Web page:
- Jean Dubuffet
- Personnage au Bicorne
- signed and dated XI 43
- oil on canvas
- 73 by 60 cm. 28 3/4 by 23 5/8 in.
World House Galleries, New York
Palais Galliera, Paris, 21 June 1966, Lot 220
Frank Perls, Beverly Hills
Donald Morris Gallery, Detroit
Galerie Maeght, New York
Christie's, New York, 13 May 1980, Lot 79
Waddington Galleries, London
Private Collection, Europe (acquired from the above in 1982)
Thence by descent to the present owner
New York, World House Galleries, J. Dubuffet, October - November 1960, n.p., no. 1, illustrated in colour
Detroit, Donald Morris Gallery, Dubuffet: Paintings, Drawings, Gouaches, 1946-1966, March 1974, n.p., no. 1, illustrated
Martigny, Fondation Pierre Gianadda, Dubuffet, March - June 1993, p. 29, no. 5, illustrated in colour
Neuss, Langen Foundation; Munich, Kunsthalle der Hypo-Kulturstiftung; and Neumarkt in der Oberpfalz, Museum Lothar Fischer, Jean Dubuffet: ein Leben im Laufschritt, February 2009 - January 2010, p. 8, no. 1, illustrated in colour
Max Loreau, Catalogue des Travaux de Jean Dubuffet, fasc. I: Marionettes de la Ville et de la Campagne, Paris 1966, p. 112, no. 205, illustrated
Hugo Schmale, Marianne Schuller and Günther Ortmann, Wissen/Nichtwissen, Munich 2009, illustrated in colour on the front cover
It would be easy to ascribe a mood of patriotic vitriol to the present work; to say that, through such prominent inclusion of the bicorn hat, the artist was making deferential reference to Napoléon Bonaparte, of whom that sartorial detail is such an immediately redolent motif. 1943 would have been a particularly poignant moment to make such an artistic statement, as Dubuffet’s beloved Paris was still quashed under the horrific spell of Nazi occupation. However, such a grandiose message of historic significance seems directly at odds with the central tenets of Dubuffet’s oeuvre. He was most interested in capturing Parisian daily life in a simple yet beautiful way. His art was an homage to the every man: “It is the man in the street that I’m after, whom I’m closest to, with whom I want to make friends and enter into confidence and conviviance, and he is the one I want to please and enchant by means of my work” (Jean Dubuffet, Prospectus aux amateurs de tout genre, Paris 1946, p. 17).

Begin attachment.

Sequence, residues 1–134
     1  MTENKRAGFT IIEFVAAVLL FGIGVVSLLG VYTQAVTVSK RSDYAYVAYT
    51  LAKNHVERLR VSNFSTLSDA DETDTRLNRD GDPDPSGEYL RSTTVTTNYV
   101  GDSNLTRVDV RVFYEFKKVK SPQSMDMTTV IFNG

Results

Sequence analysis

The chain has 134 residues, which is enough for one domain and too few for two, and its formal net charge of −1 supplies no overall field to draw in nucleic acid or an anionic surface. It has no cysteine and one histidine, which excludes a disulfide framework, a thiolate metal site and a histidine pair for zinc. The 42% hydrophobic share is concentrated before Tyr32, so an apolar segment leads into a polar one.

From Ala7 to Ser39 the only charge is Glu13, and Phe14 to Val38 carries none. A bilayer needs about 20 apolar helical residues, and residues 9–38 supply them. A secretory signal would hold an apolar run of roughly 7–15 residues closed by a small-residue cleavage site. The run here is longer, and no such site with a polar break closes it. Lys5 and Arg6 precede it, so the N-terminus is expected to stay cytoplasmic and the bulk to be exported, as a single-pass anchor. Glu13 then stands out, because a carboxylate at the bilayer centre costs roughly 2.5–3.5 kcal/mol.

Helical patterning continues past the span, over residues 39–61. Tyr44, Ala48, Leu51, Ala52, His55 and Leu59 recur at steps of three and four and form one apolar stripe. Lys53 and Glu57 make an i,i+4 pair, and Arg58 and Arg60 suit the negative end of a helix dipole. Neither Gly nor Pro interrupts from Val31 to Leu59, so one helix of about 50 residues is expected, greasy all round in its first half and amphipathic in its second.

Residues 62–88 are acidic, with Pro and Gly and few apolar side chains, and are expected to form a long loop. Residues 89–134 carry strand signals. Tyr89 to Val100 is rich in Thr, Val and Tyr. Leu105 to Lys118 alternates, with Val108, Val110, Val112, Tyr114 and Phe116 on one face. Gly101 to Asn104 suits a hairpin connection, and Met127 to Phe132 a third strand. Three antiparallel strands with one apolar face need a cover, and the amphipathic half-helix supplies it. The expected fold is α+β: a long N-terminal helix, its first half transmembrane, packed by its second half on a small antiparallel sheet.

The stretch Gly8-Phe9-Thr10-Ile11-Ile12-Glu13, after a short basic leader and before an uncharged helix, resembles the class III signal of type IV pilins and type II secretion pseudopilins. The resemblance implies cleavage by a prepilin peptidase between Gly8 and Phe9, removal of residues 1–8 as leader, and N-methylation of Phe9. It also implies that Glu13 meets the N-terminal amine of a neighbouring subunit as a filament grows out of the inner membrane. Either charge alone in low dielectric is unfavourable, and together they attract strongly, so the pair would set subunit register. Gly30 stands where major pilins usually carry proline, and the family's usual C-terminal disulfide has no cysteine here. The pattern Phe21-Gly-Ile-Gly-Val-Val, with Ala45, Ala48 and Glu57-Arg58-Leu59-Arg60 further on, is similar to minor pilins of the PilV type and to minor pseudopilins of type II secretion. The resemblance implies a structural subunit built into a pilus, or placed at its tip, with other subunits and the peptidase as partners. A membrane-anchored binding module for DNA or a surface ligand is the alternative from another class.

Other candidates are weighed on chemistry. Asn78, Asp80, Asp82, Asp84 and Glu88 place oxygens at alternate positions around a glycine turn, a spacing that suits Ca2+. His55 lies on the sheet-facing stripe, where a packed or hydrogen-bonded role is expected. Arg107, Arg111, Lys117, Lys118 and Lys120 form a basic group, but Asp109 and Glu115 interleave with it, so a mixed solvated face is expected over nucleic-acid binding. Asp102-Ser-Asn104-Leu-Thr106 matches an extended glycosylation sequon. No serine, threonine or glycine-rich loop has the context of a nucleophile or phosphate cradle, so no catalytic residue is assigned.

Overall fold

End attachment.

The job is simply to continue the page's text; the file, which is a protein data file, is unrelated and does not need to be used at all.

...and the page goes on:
Moreover, this painting seems stylistically opposed to a traditional history painting or portrait of a notable public figure. Across the entirety of the composition, Dubuffet rejects a noble mode of depiction and shows utter disregard for those conventional painterly values of three-dimensional perspective, volumetric illusion, foreshortening, and modelling. His figure is distorted, cropped and close, pressed up against the background which itself has devolved into a swirling field of bright green. The holistic effect of the work is much more redolent of a child’s painting than grandiose nationalistic propaganda; not in the sense of any particular inaccuracy or inability, but rather in the manner in which it finds solutions to representational challenges that completely circumvent traditional artistic techniques.
However, even more than from children’s art, Jean Dubuffet took influence from the art of the mentally ill. He had discovered this little-known tranche of production as early as 1923, in Dr Hans Prinzhorn’s seminal tome on the topic – Bildnerei der Geisteskranken. Prinzhorn contended that artworks executed by asylum inmates were worthy of serious aesthetic consideration; that they manifested a universal creative urge which had been stifled by cultural inhibitions and sensibilities. His writings were instrumental for Dubuffet, and in the years surrounding the present work’s execution, he invented the now famous collective term for an ideology of outsider-art: Art Brut. Comprising not only the art of the insane, but also the work of children, prisoners, primitive art, and graffiti, Art Brut championed an approach to art marking untrammelled by convention. As wonderfully announced by the present work, the raw expression and a non-hierarchical attitude to subject matter embodied by Art Brut, was the perfect foil for Jean Dubuffet’s own desire to capture the mores and tropes of daily life. In this manner, Dubuffet’s praxis served as inspiration to countless artists: in the present work, the swirling background certainly leads us to think of Cy Twombly’s painterly style, while the bold figure, executed with bravura representational force, exemplifies the manner in which this artist served as one of the principle precedents for Jean-Michel Basquiat’s paradigm shifting oeuvre.